Old dentists' office walls are full of thousands of "buried teeth"


Originally published at: https://boingboing.net/2018/10/27/poor-r-value.html




Is that where I was supposed to put them all?


They’re historical! Plus in the future we can clone the teeth’s possessors because, um, okay, why?


I wonder if this is anything like the razor blade wall slots that old homes used to have.


What? And the razors just fell behind the wall and stayed there?


An overlooked method of insulation?


Yes. Seriously. https://boards.straightdope.com/sdmb/showthread.php?t=223599


That’s… that’s amazing!

And they didn’t even bother to put some wooden studs or something there even to sort of box them in?

The mind boggles!


With isotope analysis, we can definitely map where the people came from. And if I understand correctly, they are all older than the first tests of atomic bombs, so this could be quite interesting, at the very least for calibration curves.


Yes, it very much is a real life metaphor of pushing problems into the future for others to worry about.


Well, the rusty old razor blades we inherited in our 60 year-old house stayed there behind the wall … until a few months ago when we had to have a plumber in to replace some leaky drain pipes behind said wall. My wife and I had to dispose of dozens (hundreds?) of jagged tetanus vectors.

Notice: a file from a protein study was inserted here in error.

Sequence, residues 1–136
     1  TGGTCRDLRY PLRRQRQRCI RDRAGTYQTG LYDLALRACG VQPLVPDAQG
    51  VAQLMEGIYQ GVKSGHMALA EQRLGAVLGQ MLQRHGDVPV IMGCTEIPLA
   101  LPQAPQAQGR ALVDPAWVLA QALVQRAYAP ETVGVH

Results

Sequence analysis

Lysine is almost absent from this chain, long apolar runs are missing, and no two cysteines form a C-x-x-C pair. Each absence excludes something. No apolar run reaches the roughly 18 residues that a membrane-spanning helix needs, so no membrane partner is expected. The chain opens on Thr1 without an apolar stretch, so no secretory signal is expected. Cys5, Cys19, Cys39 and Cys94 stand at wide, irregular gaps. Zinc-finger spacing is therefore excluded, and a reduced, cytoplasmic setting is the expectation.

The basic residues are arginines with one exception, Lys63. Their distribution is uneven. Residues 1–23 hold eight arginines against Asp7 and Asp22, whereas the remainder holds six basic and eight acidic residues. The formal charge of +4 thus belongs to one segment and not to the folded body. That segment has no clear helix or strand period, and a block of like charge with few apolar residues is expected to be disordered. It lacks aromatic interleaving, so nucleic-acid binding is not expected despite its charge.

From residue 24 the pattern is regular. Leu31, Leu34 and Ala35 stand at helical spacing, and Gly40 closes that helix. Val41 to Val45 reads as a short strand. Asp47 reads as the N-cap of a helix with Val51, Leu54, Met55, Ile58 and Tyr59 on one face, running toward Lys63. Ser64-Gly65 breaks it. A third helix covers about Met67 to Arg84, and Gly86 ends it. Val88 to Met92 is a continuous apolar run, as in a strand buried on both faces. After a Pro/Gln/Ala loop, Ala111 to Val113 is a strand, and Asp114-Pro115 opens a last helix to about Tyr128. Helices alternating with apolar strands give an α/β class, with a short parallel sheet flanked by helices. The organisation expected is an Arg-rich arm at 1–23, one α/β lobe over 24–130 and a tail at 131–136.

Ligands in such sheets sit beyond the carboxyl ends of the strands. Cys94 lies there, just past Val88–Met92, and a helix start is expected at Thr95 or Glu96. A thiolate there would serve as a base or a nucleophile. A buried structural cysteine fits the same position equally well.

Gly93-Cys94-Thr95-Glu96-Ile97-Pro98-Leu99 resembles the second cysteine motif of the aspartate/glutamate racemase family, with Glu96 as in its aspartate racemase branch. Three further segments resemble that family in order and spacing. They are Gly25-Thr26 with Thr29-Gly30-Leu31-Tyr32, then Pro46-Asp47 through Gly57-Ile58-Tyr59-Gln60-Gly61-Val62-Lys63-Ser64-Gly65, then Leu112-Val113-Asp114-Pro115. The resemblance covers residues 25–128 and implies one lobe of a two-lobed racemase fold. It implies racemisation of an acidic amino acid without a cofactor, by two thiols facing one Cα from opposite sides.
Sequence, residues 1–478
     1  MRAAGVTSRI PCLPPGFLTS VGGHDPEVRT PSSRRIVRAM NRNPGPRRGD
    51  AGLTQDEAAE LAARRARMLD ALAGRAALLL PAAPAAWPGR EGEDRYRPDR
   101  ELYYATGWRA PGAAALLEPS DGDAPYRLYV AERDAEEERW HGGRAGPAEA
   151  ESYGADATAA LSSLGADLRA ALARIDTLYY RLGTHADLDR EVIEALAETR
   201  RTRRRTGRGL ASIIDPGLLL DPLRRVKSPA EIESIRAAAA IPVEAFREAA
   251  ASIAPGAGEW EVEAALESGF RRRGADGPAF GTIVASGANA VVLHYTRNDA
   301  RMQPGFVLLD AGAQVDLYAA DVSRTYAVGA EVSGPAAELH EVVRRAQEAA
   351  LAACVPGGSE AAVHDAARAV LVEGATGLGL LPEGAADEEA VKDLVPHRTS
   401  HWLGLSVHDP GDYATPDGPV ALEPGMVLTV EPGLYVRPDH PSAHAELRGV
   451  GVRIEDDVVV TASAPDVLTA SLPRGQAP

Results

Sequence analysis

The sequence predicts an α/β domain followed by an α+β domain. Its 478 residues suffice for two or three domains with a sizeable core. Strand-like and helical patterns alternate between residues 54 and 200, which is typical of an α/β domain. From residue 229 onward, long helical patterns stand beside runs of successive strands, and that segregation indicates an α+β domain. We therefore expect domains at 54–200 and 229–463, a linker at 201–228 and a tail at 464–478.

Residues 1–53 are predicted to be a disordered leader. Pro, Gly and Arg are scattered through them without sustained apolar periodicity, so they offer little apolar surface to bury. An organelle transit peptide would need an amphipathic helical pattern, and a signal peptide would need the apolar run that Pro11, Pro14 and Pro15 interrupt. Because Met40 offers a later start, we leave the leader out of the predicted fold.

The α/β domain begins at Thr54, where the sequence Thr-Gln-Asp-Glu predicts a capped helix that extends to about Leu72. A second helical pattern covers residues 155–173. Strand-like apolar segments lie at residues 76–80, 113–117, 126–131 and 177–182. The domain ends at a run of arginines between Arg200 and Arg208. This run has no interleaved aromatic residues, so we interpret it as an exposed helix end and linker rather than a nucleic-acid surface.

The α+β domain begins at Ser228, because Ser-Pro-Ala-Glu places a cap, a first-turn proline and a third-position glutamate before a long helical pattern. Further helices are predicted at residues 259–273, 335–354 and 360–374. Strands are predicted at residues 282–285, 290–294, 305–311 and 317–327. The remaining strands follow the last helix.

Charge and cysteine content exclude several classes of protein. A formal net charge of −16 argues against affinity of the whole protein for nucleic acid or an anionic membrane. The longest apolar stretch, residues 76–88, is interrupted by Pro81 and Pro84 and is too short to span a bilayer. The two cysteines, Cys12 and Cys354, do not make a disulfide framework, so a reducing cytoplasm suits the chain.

“Safety” razor, my eye.




“The museum would be pleased to receive the teeth”

Now there’s a sentence you don’t hear every day.


Seems sensible to me. Everyone who enters into the practice of dentistry(endodotics is bogged down in ongoing negotiations over whether it’s merely tooth-adjacent surgery or under the jurisdiction of the unseelie court’s tooth fairies) places themselves in particular debt to the tooth fairy; and having a suitable offering on hand can protect the entire building on those unpredictable occasions when a tithe is claimed.


Now, are we sure it really was a dentist’s office?
This has “Tooth Fairy” written all over it.


The oldest place I ever lived in was a row house in Montreal built in the 1870s, in an old Irish neighbourhood (essentially a slum until the 1980s). No slots for razors but the cellar was just a rough dirt floor. The mind boggled at what might be buried under there.


I’m guessing there are often cavities in the teeth in the cavities?


Only if the tooth fairy looks like this:


I’ll bet that’s where they put the bad children. The teeth are all that’s left.